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Panoramic view from Mt Everest

Just to make sure we don’t go the whole day without anything being posted to Samizdata at all (even if it is a holiday in both the US and the UK) might I direct people to this stunning panoramic view from the top of Mt Everest. (Quicktime required). I do so simply because it is beautiful. (via James Russell).

I have not been to the top of Everest myself, but I have seen a similar view from the top of Mt Lobuje East, which is about five kilometres away in horizontal terms, and two and a half kilometres lower in elevation. This was high enough to see the same astonishing view of moutains to the horizon in all directions, although a few peaks were level with or above me, whereas from Everest everything is down. Seeing this view was one of the great experiences of my life.

In recent decades, Nepal has had a population explosion. One consequence of this has been deforestation. People need energy of some sort for cooking and heating. Traditionally, the mountain peoples of the Himalayas have chopped down trees for firewood. With relatively sparse populations, this has been sustainable, but with the denser populations of recent decades people have had to go further and further afield to find firewood, and a larger and larger proportion of their trees have been chopped down. This has led to obvious environmental problems of erosion, and it clearly isn’t sustainable if people are chopping trees down faster than the trees are growing back. Plus, a lifestle consisting of walking large distances, chopping down the vegetation, and then walking home with a large amount of firewood tied to your back is not especially pleasant.

More importantly, it is unnecessary. This is the mightiest mountain range in the world. Its energy resources, in terms of hydro-electric potential, are gigantic. At the present level of economic development, the population is not going to consume enormous amounts of electricity even if it is available, but infrastructure needs to be built. By rich world standards, the cost of building the small scale electric generators needed is not enormous, and there is actually enough potential aid from developed countries to pay for a lot of what is needed. The Austrians in particular seem keen on helping what they see as another mountain nation. (Even if this aid was not there, the climbing fees charged by the government to westerners visiting the Himalayas would be ample anyway). Once electrical infrastructure is installed, there is in any event little difficulty in getting even very poor people to pay for it, as the improvements in lifestyle due to it are enormous.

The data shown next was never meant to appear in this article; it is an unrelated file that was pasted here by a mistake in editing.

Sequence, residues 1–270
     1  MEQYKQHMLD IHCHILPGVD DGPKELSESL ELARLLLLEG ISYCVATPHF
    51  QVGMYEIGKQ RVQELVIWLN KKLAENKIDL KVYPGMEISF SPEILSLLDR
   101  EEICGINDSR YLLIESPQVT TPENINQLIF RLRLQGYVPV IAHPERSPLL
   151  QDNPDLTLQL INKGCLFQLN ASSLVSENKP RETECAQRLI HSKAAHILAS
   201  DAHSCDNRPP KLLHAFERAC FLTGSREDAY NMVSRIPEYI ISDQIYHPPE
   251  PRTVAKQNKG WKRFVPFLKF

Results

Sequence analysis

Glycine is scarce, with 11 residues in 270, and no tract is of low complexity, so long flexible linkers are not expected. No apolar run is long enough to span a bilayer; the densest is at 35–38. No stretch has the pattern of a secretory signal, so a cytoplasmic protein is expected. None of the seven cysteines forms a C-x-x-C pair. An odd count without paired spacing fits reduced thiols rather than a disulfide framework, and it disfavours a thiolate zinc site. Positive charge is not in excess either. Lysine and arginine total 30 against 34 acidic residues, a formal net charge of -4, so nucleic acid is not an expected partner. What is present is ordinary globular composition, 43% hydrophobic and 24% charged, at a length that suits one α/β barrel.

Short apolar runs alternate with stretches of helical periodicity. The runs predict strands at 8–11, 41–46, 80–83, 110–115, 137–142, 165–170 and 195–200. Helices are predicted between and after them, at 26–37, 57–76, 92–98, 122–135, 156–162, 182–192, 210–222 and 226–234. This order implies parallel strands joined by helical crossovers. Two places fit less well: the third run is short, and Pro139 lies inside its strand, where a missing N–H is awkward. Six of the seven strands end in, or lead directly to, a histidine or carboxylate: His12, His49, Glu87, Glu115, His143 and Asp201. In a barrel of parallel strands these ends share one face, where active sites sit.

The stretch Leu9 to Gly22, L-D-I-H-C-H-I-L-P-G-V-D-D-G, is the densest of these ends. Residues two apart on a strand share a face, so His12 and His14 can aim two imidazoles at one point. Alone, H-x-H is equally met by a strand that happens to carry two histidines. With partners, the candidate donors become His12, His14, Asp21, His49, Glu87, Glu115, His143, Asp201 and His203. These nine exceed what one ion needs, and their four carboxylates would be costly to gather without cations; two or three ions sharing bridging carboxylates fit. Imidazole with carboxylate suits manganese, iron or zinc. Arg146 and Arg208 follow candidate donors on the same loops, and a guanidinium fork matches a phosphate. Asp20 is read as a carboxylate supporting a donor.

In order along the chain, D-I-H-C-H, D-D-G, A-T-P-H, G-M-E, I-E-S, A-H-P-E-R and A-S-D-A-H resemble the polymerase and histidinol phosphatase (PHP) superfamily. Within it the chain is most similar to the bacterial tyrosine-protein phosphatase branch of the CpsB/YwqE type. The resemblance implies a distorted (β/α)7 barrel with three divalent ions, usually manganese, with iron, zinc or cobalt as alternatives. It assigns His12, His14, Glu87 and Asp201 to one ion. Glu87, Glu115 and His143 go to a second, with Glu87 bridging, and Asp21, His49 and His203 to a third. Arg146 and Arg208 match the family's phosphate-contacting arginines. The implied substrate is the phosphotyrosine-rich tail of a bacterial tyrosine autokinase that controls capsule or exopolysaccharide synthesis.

Some areas of the Himalayas have received electricity in this way. If you visit Khumjung or the nearby market town of Namche Bazar on the main route to Everest, electrical infrastructure has been installed, people are relieved of a lot of backbreaking work, lifestyles are much better, and there is a massive program of reforestation underway nearby. (People are willing to put a lot of effort into this if their other problems are solved. If on the other hand the choice is chopping down more trees or freezing to death or being unable to cook their food, people generally choose to chop down trees).

However, there has been difficulty extending electricity outside a few areas. The reason for this is not financial , but bureacratic. Nepal is ruled by a disfunctional government based in the Kathmandu valley. When climbers pay climbing fees, the money goes to the government, and is never seen in the mountains that the climbers are paying to visit. When Austrian agencies set up programs to install hydro-electric plants in the mountains, the government in Kathmandu wants a cut of any money spent, and erects enormous bureacratic obstacles to the Austrians actually doing anything, however much they want to and the people they are actually trying to help want them to do it. Here is a situation where the installation of some relatively simple technology improves people’s lives dramatically, and solves environmental problems to boot. But the inertia of the country’s government and the country’s bureacracy just gets in the way. The government does nothing for the people of the mountains, but it retards their development quite a lot.

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